NLPC Commentary: Exposing Corporate America’s ‘China Problem’

Writing for the Washington Times this week, the director of National Legal and Policy Center’s Corporate Integrity Project, Paul Chesser, previews the shareholder resolutions we have scheduled for next year’s annual meetings at several multinational corporations. The focus: transparency about the companies’ risks in their extensive business with, and in, China.

From the op-ed:

Apple Inc., for example, is finally learning that the concentration of manufacturing of its technology products in a few Chinese factories is unhealthy for the bottom line. Delivery of some iPhone models during the holiday shopping season was delayed due to [Xi Jinping]’s oppressive “zero COVID-19” lockdown policies and resultant protests, leaving key factories understaffed and less than optimized. CEO Tim Cook scrambled to move some production to other countries, including India and Vietnam…


Mismanagement and blind spots in the face of evil, as exhibited by Mr. Cook and executives like him, can be costly for their companies’ customers, employees, vendors and shareholders. Apple is not the only American corporation with significant exposure to risk in China…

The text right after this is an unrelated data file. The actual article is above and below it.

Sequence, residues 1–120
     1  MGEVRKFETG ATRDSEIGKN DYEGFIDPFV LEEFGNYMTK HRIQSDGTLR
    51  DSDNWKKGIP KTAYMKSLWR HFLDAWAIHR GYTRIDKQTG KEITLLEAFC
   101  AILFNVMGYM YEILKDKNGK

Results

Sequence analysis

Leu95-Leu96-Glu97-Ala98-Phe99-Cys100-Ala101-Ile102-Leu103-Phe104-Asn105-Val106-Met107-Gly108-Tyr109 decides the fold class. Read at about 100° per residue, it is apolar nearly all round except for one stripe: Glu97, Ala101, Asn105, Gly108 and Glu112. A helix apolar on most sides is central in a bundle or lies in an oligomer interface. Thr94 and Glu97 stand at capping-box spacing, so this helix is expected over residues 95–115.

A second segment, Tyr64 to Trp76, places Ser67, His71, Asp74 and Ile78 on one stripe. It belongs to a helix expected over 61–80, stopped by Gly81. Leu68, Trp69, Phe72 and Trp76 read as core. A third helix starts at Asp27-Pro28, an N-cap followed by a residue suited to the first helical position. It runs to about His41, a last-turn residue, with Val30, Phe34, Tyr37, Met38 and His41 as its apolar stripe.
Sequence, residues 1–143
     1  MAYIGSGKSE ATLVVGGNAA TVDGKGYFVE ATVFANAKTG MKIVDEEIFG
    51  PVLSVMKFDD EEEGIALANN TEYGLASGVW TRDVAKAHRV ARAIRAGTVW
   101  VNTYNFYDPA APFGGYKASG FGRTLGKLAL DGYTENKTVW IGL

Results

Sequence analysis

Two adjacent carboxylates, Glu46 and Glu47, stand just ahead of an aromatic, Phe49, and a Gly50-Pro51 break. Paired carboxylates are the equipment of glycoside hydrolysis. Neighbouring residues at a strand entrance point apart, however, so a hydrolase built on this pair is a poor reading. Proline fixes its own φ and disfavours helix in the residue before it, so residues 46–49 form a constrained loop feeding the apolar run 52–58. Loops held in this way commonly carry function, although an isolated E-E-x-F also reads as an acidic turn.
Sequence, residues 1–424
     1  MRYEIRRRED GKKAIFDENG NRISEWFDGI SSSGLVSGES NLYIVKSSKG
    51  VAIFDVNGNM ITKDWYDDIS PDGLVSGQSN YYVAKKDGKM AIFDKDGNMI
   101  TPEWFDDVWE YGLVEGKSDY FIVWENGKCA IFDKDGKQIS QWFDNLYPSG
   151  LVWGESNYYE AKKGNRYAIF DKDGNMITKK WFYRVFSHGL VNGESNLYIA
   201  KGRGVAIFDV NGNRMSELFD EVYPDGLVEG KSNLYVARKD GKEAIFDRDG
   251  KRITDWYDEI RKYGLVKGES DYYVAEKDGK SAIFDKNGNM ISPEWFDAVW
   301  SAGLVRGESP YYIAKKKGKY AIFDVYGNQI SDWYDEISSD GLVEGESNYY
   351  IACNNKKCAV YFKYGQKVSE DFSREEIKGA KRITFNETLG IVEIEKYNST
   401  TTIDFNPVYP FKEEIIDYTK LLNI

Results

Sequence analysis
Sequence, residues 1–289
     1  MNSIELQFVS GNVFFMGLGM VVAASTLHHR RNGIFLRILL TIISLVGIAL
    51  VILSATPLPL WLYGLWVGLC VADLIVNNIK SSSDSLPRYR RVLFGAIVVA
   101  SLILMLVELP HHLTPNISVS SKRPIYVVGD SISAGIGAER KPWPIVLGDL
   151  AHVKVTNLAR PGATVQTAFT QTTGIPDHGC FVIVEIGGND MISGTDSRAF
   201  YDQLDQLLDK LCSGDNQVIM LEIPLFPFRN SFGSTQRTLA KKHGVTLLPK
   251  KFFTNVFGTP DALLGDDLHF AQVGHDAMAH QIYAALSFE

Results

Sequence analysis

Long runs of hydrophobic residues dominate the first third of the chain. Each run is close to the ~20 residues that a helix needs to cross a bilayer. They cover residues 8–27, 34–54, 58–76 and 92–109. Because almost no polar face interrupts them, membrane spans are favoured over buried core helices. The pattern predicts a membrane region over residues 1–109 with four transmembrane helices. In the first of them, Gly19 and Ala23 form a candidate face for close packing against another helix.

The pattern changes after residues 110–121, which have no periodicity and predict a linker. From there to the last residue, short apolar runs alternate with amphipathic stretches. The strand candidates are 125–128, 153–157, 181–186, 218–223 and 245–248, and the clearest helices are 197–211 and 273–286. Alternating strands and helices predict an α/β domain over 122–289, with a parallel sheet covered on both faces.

For the upcoming annual corporate meetings in spring 2023 — known as “proxy season” — we will sponsor proposals for each company, asking executive leaders to research and publish a “Communist China Risk Audit” report, which is to annually inform “shareholders on the nature and extent to which corporate operations depend on, and are vulnerable to, Communist China.”

Read the full commentary at the Washington Times.




Tags: Apple, China, shareholder activism, Tim Cook